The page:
Somalia's piracy problem is everyone's problem

'Arrghh matey' isn't so funny when you know what's at stake.

Humor has its place, but today's piracy is no laughing matter. Piracy permeates our cultural ethos – it's in children's stories and movies both tragic and comical. In recent months, as pirates off Somalia have proliferated and widened the scope of their capability, newspapers, television newscasts, and bloggers have invariably invoked the terms "arrghh," "avast," and "Pirates of the Caribbean." One essay casually suggested building a Jack Sparrow wing at Guantánamo.

But maritime piracy involves criminal elements using force against innocent prey whose only interest is safe passage. Little more, little less. The problem of piracy is as ancient as when mankind first traversed open waters. Thucydides notes in his history of the Peloponnesian War that piracy was rampant until Minos built a navy to secure the sea lanes. We've mostly endured it until it reached a certain threshold, such as when the US finally sent ships to address the threat to legitimate commerce during the Barbary war in the early 1800s. But recent Somali piracy has caused the international community to take notice. And for good reason.

Pirates have increased the stakes. No longer are just yachts, fishing boats, and small freighters at risk; now there are attacks on cruise ships (the Nautica), military cargo (the freighter Faina), a chemical tanker (the Biscagila), and an oil carrier. The Sirius Star, hijacked last month, contains a reported two million barrels of crude oil. By comparison, the Exxon Valdez, which accidentally grounded in Prince William Sound nearly 20 years ago, could hold 1.2 million barrels and spilled one-third of that, resulting in one of the top environmental disasters.

There is some precedent for using oil as a weapon – at the start of the Gulf War in 1991, Saddam Hussein ordered an estimated 11 million barrels of crude oil to be poured into the Gulf. What ecological damage could a criminal or terrorist organization effect with such a ship?

Last month, the Office of the Director of National Intelligence released its report, "Global Trends 2025 – a Transformed World," which suggested, in part, that "some states might wither away as governments fail to provide security and other basic needs." While not all potential failed states are located in proximity to major shipping lanes, as Somalia is ies with the Gulf of Aden, port facilities or oil and gas fields might be at risk to future stateless areas and/or nonstate actors.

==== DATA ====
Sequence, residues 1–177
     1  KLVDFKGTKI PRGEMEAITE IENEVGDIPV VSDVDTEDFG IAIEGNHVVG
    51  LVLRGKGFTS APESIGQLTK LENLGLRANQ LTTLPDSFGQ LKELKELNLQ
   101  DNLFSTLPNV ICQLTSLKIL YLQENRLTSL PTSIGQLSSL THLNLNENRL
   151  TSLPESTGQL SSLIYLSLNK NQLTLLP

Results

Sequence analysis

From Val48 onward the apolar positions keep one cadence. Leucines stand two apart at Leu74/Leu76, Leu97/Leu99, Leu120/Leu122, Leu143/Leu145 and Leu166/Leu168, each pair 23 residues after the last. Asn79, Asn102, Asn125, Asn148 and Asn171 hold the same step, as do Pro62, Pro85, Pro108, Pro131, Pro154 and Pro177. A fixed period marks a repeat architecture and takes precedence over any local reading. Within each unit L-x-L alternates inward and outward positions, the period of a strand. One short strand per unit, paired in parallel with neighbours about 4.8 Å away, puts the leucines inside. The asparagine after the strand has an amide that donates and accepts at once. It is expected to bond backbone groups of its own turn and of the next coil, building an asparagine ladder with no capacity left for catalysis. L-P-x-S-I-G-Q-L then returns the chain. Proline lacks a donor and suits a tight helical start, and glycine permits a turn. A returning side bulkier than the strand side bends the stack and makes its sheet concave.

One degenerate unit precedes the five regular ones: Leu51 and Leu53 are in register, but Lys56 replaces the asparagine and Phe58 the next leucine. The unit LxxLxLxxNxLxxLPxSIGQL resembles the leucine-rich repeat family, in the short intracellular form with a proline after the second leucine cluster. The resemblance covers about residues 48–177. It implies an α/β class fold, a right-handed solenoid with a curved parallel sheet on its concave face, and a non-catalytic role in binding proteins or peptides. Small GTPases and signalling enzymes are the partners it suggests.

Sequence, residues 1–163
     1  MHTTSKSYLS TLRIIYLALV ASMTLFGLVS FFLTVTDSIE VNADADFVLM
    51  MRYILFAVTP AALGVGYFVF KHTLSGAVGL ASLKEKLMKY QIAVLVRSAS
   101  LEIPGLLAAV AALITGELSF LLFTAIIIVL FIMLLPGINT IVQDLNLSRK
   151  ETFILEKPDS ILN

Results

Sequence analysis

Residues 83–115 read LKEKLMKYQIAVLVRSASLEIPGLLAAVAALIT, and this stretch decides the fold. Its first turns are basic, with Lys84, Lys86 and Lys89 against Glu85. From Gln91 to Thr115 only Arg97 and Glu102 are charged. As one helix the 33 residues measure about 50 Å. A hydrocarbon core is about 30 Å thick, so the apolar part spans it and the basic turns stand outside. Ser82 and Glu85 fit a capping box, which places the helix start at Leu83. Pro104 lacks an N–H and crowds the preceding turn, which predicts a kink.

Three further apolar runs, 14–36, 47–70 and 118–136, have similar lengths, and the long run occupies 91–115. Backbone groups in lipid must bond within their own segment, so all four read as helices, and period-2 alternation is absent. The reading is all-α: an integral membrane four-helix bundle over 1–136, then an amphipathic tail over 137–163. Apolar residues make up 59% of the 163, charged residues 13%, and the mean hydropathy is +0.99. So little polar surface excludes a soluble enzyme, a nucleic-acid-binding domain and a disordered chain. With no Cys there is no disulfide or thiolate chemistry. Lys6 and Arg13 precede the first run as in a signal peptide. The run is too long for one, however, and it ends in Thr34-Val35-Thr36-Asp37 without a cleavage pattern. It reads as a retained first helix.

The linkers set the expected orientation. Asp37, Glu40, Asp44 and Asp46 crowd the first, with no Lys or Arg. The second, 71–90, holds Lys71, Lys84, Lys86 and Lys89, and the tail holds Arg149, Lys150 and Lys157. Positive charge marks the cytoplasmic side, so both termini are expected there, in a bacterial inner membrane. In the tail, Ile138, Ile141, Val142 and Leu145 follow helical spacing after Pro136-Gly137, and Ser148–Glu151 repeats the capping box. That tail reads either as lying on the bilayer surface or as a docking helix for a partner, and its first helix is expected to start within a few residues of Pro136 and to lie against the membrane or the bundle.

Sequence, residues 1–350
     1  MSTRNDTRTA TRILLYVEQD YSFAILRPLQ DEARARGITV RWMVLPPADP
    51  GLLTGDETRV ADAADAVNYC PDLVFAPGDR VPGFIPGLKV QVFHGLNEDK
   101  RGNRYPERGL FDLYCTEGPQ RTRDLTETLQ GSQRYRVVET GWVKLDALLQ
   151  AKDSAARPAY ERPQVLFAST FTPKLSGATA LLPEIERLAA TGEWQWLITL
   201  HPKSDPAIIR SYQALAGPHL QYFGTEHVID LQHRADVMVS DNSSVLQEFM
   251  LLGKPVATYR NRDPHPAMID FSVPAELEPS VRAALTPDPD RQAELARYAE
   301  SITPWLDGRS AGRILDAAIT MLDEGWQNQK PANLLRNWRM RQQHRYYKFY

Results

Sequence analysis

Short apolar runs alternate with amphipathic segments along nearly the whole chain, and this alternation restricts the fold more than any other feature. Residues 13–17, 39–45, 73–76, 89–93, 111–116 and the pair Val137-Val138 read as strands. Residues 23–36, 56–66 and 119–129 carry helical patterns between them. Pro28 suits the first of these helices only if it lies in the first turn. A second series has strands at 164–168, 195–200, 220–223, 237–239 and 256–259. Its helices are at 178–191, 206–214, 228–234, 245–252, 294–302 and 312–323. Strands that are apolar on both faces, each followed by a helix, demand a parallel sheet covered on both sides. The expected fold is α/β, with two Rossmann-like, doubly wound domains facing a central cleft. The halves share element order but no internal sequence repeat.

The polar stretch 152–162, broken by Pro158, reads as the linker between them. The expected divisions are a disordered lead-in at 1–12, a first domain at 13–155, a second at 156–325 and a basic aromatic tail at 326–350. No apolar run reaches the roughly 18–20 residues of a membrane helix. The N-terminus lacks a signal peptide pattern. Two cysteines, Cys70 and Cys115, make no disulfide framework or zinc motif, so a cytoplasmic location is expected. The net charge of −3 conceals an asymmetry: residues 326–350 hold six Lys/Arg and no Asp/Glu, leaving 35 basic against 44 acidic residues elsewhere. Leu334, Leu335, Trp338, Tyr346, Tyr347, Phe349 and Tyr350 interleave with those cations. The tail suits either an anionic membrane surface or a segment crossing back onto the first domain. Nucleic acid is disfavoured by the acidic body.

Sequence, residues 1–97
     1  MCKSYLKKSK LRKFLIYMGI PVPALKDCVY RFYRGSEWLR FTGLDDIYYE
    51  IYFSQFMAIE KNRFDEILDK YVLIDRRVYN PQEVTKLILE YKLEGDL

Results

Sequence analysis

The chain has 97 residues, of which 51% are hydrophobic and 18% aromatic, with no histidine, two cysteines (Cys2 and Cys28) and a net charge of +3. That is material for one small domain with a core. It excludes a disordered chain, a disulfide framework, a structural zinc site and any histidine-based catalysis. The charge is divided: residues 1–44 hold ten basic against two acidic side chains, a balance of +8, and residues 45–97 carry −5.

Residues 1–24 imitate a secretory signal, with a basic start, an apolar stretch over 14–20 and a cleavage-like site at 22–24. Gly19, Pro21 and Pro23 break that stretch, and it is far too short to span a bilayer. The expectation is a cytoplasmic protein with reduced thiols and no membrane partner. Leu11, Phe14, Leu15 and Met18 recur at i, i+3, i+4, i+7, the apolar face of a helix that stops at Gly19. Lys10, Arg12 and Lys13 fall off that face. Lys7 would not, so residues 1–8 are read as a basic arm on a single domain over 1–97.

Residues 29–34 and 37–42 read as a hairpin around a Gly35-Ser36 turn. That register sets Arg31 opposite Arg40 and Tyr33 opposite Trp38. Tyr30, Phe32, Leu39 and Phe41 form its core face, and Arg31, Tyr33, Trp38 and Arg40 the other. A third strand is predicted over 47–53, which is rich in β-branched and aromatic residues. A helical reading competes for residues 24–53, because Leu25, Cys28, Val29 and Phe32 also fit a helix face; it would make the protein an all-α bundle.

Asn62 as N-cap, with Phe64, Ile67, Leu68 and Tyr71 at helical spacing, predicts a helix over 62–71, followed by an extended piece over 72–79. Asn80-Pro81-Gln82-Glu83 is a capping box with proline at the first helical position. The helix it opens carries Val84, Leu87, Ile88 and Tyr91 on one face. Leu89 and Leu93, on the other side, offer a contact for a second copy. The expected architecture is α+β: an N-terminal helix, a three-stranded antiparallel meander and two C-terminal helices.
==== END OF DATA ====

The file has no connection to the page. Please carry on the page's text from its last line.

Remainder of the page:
With the exception of private pleasure craft attacked on occasion in the Caribbean, piracy no longer occurs around North America. In distant waters, few US built, flagged, or manned commercial ships ply their trade; therefore few US ships are affected. But while piracy may not present an immediate or direct threat to US national security interests, its consequences can affect everyone.

Insurance rates for ships transiting the Gulf of Aden are increasing 10-fold. The risk to personnel and cargo if a ship is hijacked is escalating, and tens of millions of dollars have already been paid out in ransom to pirates this year.

Piracy can affect local economies, too. Egypt, for example, earned $5 billion in the past year from ships transiting the Suez Canal. Some shipping companies have already begun diverting their ships around the Horn of Africa, further increasing their costs due to a longer transit and reducing revenue for Egypt. But as the hijacking of the Sirius Star far from the Gulf of Aden demonstrated, even the longer transit may not be as safe now.

Although speculation has been raised about ties between terrorist organizations and pirates, experts agree that it is just that – speculation. That said, an act of piracy may have occurred last week before the terrorist attacks in Mumbai (formerly Bombay) when a Pakistani fishing vessel, the Kuber, was allegedly hijacked by the terrorists, its crew killed, and the boat used to convey the attackers to India.

The issue is not whether piracy is tied to terrorism, but rather how terrorists or others might employ piratical tactics. If nonstate actors find the tactic is sound and the defense against it untenable, then it will be used to conduct similar or more spectacular operations. How would nonstate actors or other future belligerents interpret any success by the pirates? Absent an effective response to lawlessness, Somali piracy may be a prism to view potential copycat killers.

The United Nations Security Council is rightly addressing this 21st-century incarnation of the age-old maritime challenge. Resolutions have been passed and coalitions made, individual state forces are patrolling the region, enhanced private maritime security is being explored, and long-term methods of appropriate state-level response being debated. While all the answers may not be here yet, everyone is at least asking the questions.

Claude Berube teaches at the US Naval Academy. His opinions are his own.

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